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Nutritional Requirements of Nursing Mothers

Breast feeding your baby can be the equivalent of running a 24 hour marathon, in terms of the calories your body is burning and the nutrition you are using up. You will produce between 23 and 27 ounces of milk per day, with up to 300 total milligrams of calcium. This will burn about 500 calories per day, making your nutrition vital to both you and your baby.

Quantity and quality of your breast milk is affected by your diet. Failing to meet your own nutritional needs, heightened in the postnatal period, will deplete your energy as your body garners dietary resources to meet its number one priority – feeding your baby. Milk production, much like the nutritional needs of your baby in utero, overrides your needs. A baby weighing only a few pounds may be taking in over 1000 calories of breast milk daily.

According to the University of California San Francisco Benioff Children’s Hospital, you should increase your water consumption by at least a quart a day while breast feeding, for a total of up to three quarts. Be careful not to exceed three quarts, as too much water may reduce the production of milk. You should also increase your food intake to around 2500 calories per day. If you are planning to breast feed for longer than three months, you should shoot for 2800 calories per day. Eat plenty of protein, at least one gram of protein each day per pound of your body weight. Stick to healthy, well balanced meals; eating three meals and at least two “snack times” during the day. Low fat yogurt or fruit are healthy snack choices. Asparagus, corn, chick peas, cabbage and spinach are foods high in folic acid, an essential nutrient for your baby’s developing nervous system. Olive oil and other unsaturated oils are also good for your baby. You should continue to take your pre-natal vitamins, especially if you are starting back on oral contraceptives. A calcium and zinc supplement may also be a good idea.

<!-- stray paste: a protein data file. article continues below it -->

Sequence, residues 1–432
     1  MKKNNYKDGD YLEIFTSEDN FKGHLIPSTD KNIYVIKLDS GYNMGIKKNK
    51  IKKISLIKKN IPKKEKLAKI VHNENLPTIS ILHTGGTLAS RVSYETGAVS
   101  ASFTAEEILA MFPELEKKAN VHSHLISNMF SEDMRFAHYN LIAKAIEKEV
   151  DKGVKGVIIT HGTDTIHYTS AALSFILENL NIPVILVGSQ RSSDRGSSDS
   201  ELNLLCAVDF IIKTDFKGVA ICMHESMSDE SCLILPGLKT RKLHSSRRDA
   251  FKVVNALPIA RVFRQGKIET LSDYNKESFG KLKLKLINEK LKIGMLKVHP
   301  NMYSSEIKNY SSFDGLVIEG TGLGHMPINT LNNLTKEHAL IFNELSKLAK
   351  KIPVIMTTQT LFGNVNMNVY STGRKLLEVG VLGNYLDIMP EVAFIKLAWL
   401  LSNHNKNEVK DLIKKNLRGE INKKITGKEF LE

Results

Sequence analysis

You should not take any medication, while breast feeding, without consulting your physician. Realize that whatever passes through your body can also be passed along to your baby. Regular alcohol consumption, especially in large quantities can retard your baby’s growth. If you want an occasional glass of wine, have it after you have nursed. Nicotine and pesticide residue are easily passed through breast milk and should be avoided.

There are stories of certain foods causing gas or changing the flavor of your milk. The best advice is to keep track of what you are eating, especially if you are trying something out of the ordinary or extremely spicy, to see how your baby reacts in the next twenty four hour feeding schedule.